Amid all the coverage of the banking reports and the other ongoing political stories, very little coverage has been devoted to the fact that the bond markets are again turning less and less positive about Irish sovereign debt.
Today’s NTMA bond auction (press release here) saw it borrowing €1.5 billion, equally split between a bond maturing in 2016 and a bond maturing in 2018. The NTMA press release stresses the fact that the auctions had bids of three times the amount offered. However, look at the yields. As the RTE website points out “The average yield on the 2016 bond rose to 4.521% from 3.663% at the last comparable auction in April and the 2018 bond had a yield of 5.088% from 4.55% last August.”
On the secondary market, the yield on ten year bonds has now given up most of the large decline that occurred after the May 9 announcement of the EU stabilisation fund. In fact, the FT are reporting that, as of yesterday, the spread over bunds stood at 281 basis points, relative to 319 basis points on Friday May 7, and yields are up another 20 or so basis points so far today.
What’s odd, of course, as Paul Krugman has been pointing out is that these developments have not stopped the constant references, both here and abroad, to how well regarded Ireland is by participants in international financial markets.
To be fair, I think there are a few cross-currents here that go beyond the essential point that Krugman is trying to make. I would echo Krugman’s concerns about the effects of imposing fiscal austerity too soon. The budget deficit for the Eurozone as a whole is projected to be 6.6 percent of GDP this year, so to my mind the need for generalised fiscal contraction today is overstated in light of the weakness of the Euro area economy. However, the bond market’s attitude to Ireland’s position is such that the Irish government has little choice but to adopt an austerity program, a point that Krugman has conceded before.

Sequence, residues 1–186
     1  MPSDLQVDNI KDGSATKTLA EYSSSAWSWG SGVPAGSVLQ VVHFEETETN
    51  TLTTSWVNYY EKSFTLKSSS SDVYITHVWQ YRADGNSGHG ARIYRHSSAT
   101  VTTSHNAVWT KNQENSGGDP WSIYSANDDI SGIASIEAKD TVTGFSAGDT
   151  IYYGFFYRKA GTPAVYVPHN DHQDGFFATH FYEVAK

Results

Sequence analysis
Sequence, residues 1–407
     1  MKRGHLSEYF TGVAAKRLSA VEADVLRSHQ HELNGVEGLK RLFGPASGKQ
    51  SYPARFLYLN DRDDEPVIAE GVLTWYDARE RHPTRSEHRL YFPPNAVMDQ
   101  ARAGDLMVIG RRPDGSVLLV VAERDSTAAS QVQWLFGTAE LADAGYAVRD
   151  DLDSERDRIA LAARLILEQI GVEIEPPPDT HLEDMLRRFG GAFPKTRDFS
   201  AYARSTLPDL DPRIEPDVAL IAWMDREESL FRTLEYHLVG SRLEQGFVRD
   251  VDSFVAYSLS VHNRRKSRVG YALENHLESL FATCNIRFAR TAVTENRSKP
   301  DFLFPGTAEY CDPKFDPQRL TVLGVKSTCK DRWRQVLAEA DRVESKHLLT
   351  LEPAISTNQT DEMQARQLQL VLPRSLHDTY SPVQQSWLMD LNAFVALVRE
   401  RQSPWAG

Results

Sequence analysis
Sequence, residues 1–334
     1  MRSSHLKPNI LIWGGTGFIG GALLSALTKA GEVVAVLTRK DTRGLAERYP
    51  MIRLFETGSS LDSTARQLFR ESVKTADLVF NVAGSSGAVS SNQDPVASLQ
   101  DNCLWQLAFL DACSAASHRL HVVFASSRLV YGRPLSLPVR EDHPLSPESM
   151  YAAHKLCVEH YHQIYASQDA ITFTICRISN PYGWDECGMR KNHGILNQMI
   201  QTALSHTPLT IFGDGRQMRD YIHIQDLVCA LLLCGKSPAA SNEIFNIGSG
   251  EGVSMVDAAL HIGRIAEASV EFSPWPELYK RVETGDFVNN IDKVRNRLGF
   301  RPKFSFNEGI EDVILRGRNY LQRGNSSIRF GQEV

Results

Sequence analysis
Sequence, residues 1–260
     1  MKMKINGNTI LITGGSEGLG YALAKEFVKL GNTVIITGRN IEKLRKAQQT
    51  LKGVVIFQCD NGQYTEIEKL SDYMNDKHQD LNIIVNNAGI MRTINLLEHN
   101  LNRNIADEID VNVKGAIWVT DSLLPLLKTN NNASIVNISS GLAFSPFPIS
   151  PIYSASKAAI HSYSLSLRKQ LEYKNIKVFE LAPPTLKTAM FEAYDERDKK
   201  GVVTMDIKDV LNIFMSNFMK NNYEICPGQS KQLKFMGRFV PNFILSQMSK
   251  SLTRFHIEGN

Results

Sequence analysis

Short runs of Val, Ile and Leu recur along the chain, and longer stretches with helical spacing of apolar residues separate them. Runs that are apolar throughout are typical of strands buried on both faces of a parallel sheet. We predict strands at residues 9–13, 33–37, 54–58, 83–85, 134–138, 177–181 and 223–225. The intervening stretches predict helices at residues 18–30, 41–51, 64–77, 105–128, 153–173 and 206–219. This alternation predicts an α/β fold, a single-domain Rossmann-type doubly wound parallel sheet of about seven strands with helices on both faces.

Furthermore, I’m sure that financial market participants are impressed by the fiscal retrenchment obtained so far. But, at the end of the day, the bond yields give us their judgment on the sustainability of our situation and it’s a thumbs down. The high yields being imposed on us reflect the scale of the initial hole we dug for ourselves as well as policies that maximized the cost to the state of the banking crisis.